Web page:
By Keith Capstick
A previous Ryerson Students’ Union (RSU) vice-president, who tried to create the same general manager’s position as the RSU created last semester, chairs the board that initially approved the union’s “restructuring” model.
The Eyeopener reported in 2008 that Abe Snobar, former vice-president student life for the RSU and current chair of the RSU board of directors, was looking at the time to create the position in reaction to 17 grievances in one year that slowed the union’s labour relations.
The RSU board of directors didn’t explicitly approve the general manager’s position itself, but did approve the initial plan to restructure the organization’s framework, according to RSU president Andrea Bartlett. This eventually lead to the position being created.
Snobar does not believe his past affiliations have impacted his ability to serve his role as chair objectively.
“I don’t have any decision making power I just have the responsibility of facilitating that meeting and ensuring that everybody is being heard and that all rules and motions are passed in accordance with the laws,” Snobar said.
Snobar did say that his past experience with the RSU provided him with an understanding of the complexity of the organization, and helped him chair the board.
“I had the responsibility when I was a board member to chair many meetings. I am familiar with the by-laws and Robert’s Rules of Order, not only as a member of the [RSU] but as a [former] member of the Ryerson Commerce Society (RCS),” Snobar said. “And I was a big hand in amending and changing the by-laws for the commerce society to almost what you see them today.”
The chair of the board, and of the RSU’s AGMs, is responsible for making sure the meetings run smoothly and to uphold the union’s by-laws on all motions. On matters of interpretation, the chair is the one responsible for doing the interpreting, although the board is allowed to appeal their decisions.
RSU by-laws say that the chair of the board will be appointed by the president. By-laws also state that, “Cases not provided for in the by-laws of the Students’ Union shall be governed by the current version of Robert’s Rules of Order, the interpretation of which shall be made by the Chair.”
Bartlett said that she wasn’t aware of Snobar’s previous attempts to create this position, and when asked if she believed the chair’s responsibility was to interpret the rules of order objectively she said, “yes.”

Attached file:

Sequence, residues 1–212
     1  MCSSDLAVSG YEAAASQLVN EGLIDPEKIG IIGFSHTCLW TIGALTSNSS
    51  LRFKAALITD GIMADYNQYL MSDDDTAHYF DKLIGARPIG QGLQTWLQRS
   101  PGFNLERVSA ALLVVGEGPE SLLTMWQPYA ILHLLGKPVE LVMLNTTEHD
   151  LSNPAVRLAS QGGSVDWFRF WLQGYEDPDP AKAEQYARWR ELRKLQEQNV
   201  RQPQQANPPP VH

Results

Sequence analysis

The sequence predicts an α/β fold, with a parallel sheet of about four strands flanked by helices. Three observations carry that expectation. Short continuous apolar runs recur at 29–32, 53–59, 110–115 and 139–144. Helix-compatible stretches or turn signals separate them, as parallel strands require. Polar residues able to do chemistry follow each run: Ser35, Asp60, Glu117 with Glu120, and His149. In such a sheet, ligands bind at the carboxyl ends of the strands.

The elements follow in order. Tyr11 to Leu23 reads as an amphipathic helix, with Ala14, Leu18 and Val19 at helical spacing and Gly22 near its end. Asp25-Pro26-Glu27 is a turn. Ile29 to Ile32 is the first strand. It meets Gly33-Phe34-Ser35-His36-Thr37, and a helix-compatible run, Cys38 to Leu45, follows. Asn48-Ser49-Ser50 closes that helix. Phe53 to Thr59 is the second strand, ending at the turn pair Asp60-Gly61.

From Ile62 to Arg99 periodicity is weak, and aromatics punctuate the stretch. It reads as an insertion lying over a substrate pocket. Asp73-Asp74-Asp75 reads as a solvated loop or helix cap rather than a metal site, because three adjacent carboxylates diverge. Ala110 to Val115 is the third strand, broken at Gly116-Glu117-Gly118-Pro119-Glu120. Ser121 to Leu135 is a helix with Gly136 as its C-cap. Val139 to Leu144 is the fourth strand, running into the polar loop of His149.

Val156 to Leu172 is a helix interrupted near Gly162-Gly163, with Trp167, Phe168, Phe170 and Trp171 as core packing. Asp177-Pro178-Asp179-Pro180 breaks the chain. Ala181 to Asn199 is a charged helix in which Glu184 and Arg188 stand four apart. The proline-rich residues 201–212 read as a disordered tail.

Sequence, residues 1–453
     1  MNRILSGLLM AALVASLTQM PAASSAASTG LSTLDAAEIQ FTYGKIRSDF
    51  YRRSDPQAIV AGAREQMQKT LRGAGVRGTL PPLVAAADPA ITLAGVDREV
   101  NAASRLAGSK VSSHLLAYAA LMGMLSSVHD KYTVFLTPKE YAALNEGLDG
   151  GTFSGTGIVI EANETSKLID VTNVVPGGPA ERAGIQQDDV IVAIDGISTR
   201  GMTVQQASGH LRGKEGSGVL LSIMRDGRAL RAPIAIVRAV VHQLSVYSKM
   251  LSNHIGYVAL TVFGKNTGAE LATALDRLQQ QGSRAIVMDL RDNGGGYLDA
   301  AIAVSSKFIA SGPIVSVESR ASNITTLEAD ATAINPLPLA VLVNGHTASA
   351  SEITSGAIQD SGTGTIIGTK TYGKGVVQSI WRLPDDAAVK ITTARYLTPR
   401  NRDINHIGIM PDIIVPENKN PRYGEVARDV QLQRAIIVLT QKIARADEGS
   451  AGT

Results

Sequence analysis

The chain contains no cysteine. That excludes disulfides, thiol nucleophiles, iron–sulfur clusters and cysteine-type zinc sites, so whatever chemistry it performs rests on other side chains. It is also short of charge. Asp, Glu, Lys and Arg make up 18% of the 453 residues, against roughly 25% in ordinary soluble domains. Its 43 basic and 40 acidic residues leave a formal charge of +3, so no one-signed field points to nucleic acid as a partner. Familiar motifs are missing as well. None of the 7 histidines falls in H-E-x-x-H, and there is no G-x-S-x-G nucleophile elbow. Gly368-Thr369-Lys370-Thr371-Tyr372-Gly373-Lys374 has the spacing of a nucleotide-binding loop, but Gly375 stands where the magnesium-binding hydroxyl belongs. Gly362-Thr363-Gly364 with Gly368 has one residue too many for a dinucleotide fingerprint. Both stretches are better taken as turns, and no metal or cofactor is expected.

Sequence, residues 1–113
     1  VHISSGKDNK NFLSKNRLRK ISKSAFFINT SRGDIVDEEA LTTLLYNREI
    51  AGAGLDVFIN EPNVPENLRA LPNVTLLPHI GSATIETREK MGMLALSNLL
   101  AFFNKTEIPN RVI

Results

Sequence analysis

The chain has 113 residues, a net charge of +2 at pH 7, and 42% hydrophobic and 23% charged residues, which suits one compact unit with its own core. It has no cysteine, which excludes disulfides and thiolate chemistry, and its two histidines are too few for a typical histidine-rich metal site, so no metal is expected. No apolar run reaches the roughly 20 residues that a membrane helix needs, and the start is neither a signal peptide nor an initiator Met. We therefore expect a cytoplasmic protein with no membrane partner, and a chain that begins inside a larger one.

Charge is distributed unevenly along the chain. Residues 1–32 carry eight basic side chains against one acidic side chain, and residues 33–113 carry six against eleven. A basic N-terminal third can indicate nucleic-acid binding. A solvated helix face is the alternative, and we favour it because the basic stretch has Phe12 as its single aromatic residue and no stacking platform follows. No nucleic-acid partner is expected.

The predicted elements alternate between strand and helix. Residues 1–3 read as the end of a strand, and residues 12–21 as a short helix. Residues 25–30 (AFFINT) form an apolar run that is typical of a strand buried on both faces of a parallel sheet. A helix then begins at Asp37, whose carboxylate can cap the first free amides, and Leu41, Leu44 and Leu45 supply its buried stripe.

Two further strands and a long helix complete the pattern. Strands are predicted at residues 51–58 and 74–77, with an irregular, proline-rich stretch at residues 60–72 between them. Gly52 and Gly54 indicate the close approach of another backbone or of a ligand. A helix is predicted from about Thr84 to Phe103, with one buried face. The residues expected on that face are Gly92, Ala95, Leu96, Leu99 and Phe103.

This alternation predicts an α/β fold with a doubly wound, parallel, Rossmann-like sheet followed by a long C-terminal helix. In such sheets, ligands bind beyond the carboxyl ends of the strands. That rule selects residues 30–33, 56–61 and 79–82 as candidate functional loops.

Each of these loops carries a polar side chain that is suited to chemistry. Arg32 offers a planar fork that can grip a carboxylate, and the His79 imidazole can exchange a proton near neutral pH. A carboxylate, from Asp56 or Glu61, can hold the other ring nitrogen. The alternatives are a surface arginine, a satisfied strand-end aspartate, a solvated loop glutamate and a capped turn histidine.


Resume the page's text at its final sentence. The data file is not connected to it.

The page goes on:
The general manager position, now filled by Natasha Campagna who was previously student engagement and business development coordinator at the RCS, was pointed to in a number of controversial statements about the legitimacy of the RSU terminating the executive director of communications and outreach position that resulted in both Gilary Massa — who was on maternity leave — and Dina Skvirsky — who was filling her position — losing their jobs.
The Canadian Union of Public Employees (CUPE) 1281 released one of those statements on Dec. 21, condemning the firing and told The Eyeopener that the new general manager’s position merely shifted the roles of the previous position held by Massa and Skvirsky.
Bartlett said the creation of the new position and the old one’s termination “had nothing to do with the people that held the role.”
Vajdaan Tanveer — a member of Reignite Ryerson and vocal adversary of the RSU — said Snobar’s past affiliations pose a conflict of interest and has experienced difficulties interacting with Snobar at multiple meetings this year.
“The chair’s obviously biased … he himself was an executive of the RSU years ago and had very controversial incidents,” Tanveer said. “We felt as though we were hard done by the chair.”
Reignite’s motion for the students’ union to take an official stance on tuition fees was thrown out of the SAGM by Snobar, which Tanveer says shows Snobar’s allegiance to the RSU executive.
“He ruled [our motion] out of order immediately without giving it the oppourtunity, like he did to other groups, to slightly amend the motion,” Tanveer said. “It’s about the history and the other connections he has to the RCS.”
Bartlett said that if she was asked to be chair in seven years, she’d be comfortable interpreting rules and acting objectively.
“I would be distant enough from the immediate issues but still know about the organization,” wrote Bartlett in a statement. “Once you operate under Robert’s Rules, it’s something that you remember and become accustomed to.”